Of course, I shelled out the money to see Evil Dead in the theater. I love horror movies and I love the original. C’mon son! There will be spoilers so read at your own risk. I’m not sure that there’s much to spoil ultimately – it’s a horror movie and a remake. I think most people can do the math.
Generally, the movie follows the same plot as Raimi’s version: five youths go to a dilapidated cabin and one of them unleashes an evil demon and hell (pretty much literally) ensues. Plenty of references to the original and of course, a chainsaw shows up along the way.
The bit that bothered me the most though is how these people came across the evil book. The opening scene shows a group of (weird looking) people persuading a father to burn and dismember his daughter who is a demon. And this book – there are warnings, things are scratched out so they can’t be read easily. It’s clear people do not want others to find it. This group takes care of business and we are transported probably less than five years into the future to our main cast.
They show up and encounter a terrible smell followed by a rug hiding a whole bunch of dried up blood. They go downstairs into the cellar and find a bunch of dead animals strung up and the book sitting there. But it’s bound intricately by wire and a bag.
Don’t worry guys – tree rape happens in this one, too.
BUT IT’S LEFT OUT IN THE OPEN. These people went through a fair amount of trouble to make sure no one opened the book (but come on, it literally just took wire cutters) but opted to leave it sitting out on a table rather than oh, I don’t know, burying it? Or throwing it in a river? Or tearing it up? Or anything? Obviously they knew that people would be returning – there are photographs all over the cabin and they carefully placed the rug over the trap door to prolong anyone finding the creepy sacrificial altar. They did about 90% of the work but apparently the last 10%, the important part, they were just like “Eh, I’m tired. Hope this family that appears to visit frequently never has to go into their own basement and if, god forbid, they do, I hope this wrapped up book doesn’t intrigue them so that they might open it.”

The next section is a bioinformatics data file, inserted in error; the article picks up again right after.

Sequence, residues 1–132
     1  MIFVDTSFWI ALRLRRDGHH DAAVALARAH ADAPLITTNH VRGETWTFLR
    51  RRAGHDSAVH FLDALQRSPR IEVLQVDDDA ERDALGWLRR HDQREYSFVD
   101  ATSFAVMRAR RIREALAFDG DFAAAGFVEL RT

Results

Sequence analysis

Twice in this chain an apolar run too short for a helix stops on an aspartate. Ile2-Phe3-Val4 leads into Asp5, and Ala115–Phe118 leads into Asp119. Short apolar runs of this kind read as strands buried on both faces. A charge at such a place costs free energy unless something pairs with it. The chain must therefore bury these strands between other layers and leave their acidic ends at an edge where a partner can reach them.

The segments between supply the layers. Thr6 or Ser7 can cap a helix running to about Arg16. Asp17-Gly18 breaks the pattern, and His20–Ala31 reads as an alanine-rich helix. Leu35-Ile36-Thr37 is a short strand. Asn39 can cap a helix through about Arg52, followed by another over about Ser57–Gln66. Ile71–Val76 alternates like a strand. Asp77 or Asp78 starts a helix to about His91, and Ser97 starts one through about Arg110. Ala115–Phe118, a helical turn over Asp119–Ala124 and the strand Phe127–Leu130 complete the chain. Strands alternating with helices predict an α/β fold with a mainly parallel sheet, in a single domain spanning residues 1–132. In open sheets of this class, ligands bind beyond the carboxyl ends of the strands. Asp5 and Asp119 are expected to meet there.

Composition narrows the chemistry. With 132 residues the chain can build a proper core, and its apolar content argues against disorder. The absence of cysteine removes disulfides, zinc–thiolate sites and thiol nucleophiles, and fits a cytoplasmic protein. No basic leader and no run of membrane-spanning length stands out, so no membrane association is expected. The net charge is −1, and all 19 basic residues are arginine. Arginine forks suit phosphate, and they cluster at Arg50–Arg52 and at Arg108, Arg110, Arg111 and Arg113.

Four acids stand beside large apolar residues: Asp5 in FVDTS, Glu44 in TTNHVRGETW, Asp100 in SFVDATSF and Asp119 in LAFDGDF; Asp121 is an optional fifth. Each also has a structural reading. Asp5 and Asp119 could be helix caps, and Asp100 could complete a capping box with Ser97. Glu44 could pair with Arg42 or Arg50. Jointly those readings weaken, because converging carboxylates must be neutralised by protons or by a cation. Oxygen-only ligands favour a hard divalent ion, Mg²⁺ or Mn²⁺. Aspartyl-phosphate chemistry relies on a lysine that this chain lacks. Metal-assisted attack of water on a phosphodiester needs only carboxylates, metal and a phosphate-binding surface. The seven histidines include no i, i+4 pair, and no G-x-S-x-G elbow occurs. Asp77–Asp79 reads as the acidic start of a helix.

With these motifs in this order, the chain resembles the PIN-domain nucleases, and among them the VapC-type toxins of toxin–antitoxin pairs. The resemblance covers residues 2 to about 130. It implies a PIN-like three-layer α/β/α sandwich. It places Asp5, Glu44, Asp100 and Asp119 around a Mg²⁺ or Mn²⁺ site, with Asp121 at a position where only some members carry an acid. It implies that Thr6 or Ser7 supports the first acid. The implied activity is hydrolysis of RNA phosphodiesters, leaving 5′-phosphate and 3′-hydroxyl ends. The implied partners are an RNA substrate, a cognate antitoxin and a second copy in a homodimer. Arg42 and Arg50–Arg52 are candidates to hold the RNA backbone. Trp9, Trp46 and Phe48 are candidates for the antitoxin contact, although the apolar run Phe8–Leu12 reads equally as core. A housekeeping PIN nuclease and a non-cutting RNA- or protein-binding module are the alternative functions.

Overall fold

Moving on. The movie is gross, definitely. There is a lot of blood, some scenes that had me scrunching my face up and half covering my face. And that’s really about it in terms of “horror.” It isn’t particularly scary or terrifying (despite the poster boasting that it would be the most terrifying movie ever) but it is gory and gross and still manages to be a little campy. There isn’t a ton of humor but there are bits here and there to keep things a tiny bit light.
The thing that’s interesting about this movie is that the characters are at the cabin for a reason: one of the girls has a drug addiction she’s trying to kick. Of course, she’s the first one who sees demons and stuff and of course, everyone writes it off as her having a difficult detox.
What’s more interesting is if this movie is intended to be a metaphor. The girl is facing her demons – literally and figuratively. And her drug addiction is affecting those around her. Her attempt to kick the habit is tumultuous and makes her feel like she’s being torn apart. The girl goes through hell so that she may survive at the end.
The demon thing that shows up at the end is either played by the same actress or looks suspiciously like her (I couldn’t tell. It was raining blood all over). So when she defeats the demon thing, she is defeating herself, her dark side. Moreover, she does so by splitting the demon right down the middle. Perhaps a symbol of the real her and the addict her being split apart?
Or it’s just a movie and they were just trying to give the characters ~depth~.
Ultimately, it was enjoyable. I think I got a bit too excited and expected a bit too much but I still liked it. And it was interesting take on a classic. I don’t think it tarnished the original or sought to outshine Raimi’s version. It was it’s own thing.
*** stars (I took off some stars for it not being that scary and also because of a pretty shitty portrayal of women)